2011-10-24 16:53 (UTC)
I have been confirmed as well, and in my case there had been a year long phase of preparation and formally asking the Confirmees (is that a word?) whether they want to join the faith or not was even part of the ceremony. Of course there are certain non-quantifiable factors of pressure like family expectations that apply in both situation, but the option to simply refuse has always been there through every step of the process. It's possible that this is also the case for something that is so higly ritualized and has such defining implications with regards to the community as Terrigenesis.
Strictly objectively speaking, we can't rule out that this is not also the case here, as we only experience a tiny snippet of a more complex, larger process. And again, I think it's entirely unfair to judge a different culture based on contemporary, western standards. Confirmation may have that much of an impact on your social life today, but only a few generations ago, when faith played a much more defining role in everyday life, it would have been a very important part of life within the community.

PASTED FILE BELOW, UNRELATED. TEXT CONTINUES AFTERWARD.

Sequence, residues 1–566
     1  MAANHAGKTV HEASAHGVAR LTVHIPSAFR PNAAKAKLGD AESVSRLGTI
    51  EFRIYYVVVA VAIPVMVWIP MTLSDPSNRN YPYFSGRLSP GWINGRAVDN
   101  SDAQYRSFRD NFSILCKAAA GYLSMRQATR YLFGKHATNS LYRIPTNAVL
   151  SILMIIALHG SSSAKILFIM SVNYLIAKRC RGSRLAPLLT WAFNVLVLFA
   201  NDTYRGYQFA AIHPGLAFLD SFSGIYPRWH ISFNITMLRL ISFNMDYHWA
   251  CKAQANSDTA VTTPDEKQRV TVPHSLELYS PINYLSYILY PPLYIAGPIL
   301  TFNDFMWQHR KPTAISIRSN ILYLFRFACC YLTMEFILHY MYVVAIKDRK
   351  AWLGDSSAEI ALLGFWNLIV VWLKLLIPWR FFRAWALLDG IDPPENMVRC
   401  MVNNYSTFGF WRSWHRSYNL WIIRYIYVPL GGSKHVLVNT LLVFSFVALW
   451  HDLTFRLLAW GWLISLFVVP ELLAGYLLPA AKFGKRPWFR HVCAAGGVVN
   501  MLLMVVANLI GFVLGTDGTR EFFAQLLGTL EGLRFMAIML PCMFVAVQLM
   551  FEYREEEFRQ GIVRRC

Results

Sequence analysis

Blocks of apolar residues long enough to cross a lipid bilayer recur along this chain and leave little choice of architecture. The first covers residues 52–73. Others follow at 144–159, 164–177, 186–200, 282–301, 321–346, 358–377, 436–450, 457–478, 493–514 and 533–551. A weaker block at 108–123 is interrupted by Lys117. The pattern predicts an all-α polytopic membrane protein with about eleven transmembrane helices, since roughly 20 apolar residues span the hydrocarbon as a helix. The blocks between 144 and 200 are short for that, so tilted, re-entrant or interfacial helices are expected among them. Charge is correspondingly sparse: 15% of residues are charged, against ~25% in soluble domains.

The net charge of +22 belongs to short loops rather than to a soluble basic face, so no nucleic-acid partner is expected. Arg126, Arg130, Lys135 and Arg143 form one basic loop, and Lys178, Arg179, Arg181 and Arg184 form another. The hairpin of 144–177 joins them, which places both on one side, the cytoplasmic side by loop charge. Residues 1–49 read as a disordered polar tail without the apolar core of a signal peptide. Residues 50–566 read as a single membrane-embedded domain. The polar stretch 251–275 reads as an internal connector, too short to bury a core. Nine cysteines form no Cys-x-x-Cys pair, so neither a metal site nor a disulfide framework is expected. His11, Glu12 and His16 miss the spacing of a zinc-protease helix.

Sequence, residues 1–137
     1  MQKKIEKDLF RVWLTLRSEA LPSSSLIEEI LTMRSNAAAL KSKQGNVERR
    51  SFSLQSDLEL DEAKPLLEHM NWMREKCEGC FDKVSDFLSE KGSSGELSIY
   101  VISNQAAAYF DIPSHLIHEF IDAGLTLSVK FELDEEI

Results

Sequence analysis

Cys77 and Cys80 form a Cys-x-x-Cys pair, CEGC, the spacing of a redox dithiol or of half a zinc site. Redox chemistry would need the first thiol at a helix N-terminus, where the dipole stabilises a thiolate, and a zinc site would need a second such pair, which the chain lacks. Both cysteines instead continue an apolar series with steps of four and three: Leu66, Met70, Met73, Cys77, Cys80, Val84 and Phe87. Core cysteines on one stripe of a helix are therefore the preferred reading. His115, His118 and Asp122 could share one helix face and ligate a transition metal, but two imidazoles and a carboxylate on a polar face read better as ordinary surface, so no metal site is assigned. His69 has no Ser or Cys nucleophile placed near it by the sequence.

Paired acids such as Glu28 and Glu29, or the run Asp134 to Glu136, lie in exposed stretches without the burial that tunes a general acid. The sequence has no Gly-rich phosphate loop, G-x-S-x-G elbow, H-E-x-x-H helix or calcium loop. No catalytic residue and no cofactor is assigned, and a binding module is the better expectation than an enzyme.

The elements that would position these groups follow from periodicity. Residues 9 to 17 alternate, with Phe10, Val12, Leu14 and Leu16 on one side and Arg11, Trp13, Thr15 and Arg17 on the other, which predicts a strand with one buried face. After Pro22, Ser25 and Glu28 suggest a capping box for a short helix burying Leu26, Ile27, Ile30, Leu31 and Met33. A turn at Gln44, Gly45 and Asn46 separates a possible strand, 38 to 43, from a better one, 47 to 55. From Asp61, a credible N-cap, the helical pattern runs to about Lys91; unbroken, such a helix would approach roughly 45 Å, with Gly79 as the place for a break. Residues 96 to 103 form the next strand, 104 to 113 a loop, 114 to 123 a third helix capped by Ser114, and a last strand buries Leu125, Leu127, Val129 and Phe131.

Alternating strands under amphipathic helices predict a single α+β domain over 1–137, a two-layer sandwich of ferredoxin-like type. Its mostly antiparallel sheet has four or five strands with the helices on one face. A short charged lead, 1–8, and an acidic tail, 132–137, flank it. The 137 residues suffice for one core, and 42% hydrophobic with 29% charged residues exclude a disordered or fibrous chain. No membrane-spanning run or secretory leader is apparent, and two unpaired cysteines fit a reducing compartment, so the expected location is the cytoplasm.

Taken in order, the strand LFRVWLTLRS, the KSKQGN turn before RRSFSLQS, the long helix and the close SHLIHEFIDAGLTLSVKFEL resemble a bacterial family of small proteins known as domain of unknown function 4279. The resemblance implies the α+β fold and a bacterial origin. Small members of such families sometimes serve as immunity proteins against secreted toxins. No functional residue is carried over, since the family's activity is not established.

As it stands, there is simply no reason to assume that Terrigenesis is not a choice for everyone involved and an informed one at that. Since it is the defining part of Inhuman culture, there may arguably some familial expectations connected to it, btu that is not reason enough to decry it as a compulsory and mandatory institution. Such is a snap decision based on false and incomplete data, the very essence of bigotry, imho.
Reply to this
Thread from start
Post a comment in response:
This community only allows commenting by members. You may comment here if you're a member of
If you don't have an account you can
create one now
HTML doesn't work in the subject.
Check spelling during preview
This account is set to log the IP addresses of everyone who comments.
Links will be displayed as unclickable URLs to help prevent spam.